“We ran all the buildings through four differ- ent levels of destruction,” Letteri says. “It was like dropping a ball on them and letting them get crushed. It gave us a realistic destroy field that we could use as background dressing at any stage, and then any of the hero action where Smaug came in and touched the buildings, those were custom simulated to work with his destruction. And then we tied the flame effects in. In other words, we used big pressure to destroy the buildings, figuring that was close enough to what the flames would do, and then as the flames burned away, they stayed attached to the broken pieces. That way it looked more realistic with the flaming embers. We had latitude to play with the flames.”
Weta did a top-down view of the area and asked Jackson to start sketching where everything happens. “And early on we got him to go on the stage with a virtual camera and have a look at the environment. And while he was there, we took notes, tweaking things around, trying to adjust the height of the saddle where the Dwarves come over, for example.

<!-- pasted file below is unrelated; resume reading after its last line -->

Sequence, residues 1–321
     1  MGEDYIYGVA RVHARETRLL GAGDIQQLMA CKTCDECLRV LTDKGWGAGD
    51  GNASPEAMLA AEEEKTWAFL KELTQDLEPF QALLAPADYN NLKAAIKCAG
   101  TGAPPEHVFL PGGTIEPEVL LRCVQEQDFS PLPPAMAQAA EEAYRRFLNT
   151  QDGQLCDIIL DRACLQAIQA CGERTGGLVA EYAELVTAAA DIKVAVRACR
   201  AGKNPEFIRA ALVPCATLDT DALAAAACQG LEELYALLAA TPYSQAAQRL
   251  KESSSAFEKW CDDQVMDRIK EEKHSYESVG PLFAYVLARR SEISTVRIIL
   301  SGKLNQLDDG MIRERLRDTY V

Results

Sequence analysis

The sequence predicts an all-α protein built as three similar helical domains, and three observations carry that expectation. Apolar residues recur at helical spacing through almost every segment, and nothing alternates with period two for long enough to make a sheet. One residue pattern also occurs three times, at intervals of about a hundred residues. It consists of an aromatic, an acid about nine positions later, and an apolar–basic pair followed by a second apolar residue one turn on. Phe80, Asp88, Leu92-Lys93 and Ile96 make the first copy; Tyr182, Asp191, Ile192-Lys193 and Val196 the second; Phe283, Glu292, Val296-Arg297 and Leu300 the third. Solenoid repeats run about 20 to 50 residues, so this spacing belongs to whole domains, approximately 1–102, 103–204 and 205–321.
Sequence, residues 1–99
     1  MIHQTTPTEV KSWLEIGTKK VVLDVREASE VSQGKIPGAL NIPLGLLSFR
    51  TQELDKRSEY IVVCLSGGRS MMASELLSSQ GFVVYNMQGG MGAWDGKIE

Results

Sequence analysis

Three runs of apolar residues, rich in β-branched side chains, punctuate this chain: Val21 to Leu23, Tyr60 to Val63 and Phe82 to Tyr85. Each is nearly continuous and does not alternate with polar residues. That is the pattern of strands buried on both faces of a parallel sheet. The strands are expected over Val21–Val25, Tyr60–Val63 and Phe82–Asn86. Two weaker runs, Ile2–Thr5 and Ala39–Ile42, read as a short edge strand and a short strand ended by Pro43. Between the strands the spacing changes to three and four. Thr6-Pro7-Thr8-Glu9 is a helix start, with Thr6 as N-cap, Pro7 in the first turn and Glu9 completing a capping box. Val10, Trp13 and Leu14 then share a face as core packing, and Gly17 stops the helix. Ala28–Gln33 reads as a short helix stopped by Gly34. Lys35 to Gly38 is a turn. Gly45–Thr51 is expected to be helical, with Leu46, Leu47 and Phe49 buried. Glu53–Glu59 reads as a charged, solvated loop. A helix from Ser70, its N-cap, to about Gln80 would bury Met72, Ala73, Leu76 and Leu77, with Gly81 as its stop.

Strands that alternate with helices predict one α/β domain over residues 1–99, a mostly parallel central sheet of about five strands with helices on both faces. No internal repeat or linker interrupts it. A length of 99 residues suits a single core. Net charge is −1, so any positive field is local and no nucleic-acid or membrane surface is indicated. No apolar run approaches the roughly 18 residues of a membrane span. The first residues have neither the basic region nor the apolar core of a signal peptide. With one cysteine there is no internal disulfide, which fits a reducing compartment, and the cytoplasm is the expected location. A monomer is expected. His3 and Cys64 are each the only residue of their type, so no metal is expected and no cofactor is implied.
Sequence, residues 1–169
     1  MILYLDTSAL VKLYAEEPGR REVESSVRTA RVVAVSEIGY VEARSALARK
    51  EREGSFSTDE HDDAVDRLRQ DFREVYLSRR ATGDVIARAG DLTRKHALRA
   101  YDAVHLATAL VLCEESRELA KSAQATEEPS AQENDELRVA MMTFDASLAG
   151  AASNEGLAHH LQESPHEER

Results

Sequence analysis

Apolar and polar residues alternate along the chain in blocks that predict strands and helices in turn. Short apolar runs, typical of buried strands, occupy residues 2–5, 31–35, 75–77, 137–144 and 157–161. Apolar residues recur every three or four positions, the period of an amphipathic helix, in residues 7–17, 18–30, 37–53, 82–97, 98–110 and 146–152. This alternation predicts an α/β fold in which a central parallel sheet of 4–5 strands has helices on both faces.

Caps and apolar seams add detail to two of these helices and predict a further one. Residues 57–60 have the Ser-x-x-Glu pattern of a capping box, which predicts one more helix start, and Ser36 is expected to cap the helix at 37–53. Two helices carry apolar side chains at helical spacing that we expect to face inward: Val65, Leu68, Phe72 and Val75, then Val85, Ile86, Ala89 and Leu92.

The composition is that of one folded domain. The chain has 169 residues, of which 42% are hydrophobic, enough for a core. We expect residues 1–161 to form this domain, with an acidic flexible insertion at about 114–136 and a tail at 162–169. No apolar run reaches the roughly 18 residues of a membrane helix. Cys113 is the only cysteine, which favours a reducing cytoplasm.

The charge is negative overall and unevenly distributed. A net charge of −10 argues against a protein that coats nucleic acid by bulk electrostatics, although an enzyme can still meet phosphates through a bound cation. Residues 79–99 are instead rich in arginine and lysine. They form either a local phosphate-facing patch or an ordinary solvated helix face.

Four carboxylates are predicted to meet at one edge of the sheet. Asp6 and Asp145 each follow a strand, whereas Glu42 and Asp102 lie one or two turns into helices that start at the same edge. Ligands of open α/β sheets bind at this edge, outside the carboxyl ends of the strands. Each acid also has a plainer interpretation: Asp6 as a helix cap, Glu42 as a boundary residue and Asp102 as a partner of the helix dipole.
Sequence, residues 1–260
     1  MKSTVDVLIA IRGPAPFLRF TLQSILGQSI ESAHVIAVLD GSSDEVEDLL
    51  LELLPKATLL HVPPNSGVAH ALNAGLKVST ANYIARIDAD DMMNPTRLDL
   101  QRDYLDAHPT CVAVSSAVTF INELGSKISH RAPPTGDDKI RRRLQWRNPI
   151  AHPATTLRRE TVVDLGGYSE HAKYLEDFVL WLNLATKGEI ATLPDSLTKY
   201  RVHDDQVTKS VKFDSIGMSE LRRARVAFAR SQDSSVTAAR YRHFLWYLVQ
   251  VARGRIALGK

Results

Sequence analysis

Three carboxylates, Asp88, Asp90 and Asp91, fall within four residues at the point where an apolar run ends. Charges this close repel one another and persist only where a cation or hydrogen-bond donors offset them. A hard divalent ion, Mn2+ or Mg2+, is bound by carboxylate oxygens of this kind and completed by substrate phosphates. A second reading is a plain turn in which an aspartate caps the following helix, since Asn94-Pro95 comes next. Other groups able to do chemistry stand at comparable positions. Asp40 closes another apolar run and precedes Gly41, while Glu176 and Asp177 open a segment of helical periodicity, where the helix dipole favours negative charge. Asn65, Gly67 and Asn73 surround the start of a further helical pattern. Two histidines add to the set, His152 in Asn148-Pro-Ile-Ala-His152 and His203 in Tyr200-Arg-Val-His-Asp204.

“It was all based on the one shot where Thorin (Richard Armitage) looks up and sees them cresting the hill. So it was a combination of what lens do we want to use? How high are we going to be? How close do we need to be to read the silhouette to get the forms of the Dwarves? And then as the battle progressed, we looked at the stages of how the armies were forming and where the Orcs were attacking.”
Managing the Battle
To manage the enormity of the battle sequence, Weta wrote a new tool called Army Manager, which sidesteps previz and takes you right into virtual production by allowing you to layout battle maneuvers.
“It was great because we could put thousands of characters in real-time on stage so Peter could do his virtual camera work and see these guys in the background, sometimes even in the foreground and use it for choreography,” Letteri says. “Then we’d dress in the close-up action: the beats of how the two front lines would clash, how the Elves leapfrogged the Dwarves to confront the Orcs, where we got into the hand-tohand or the defensive moments. We had very specific choreography for each of them and we always went back and forth between the specific battle action and wide establishing shots so you could understand the flow of the battle and the choreography.”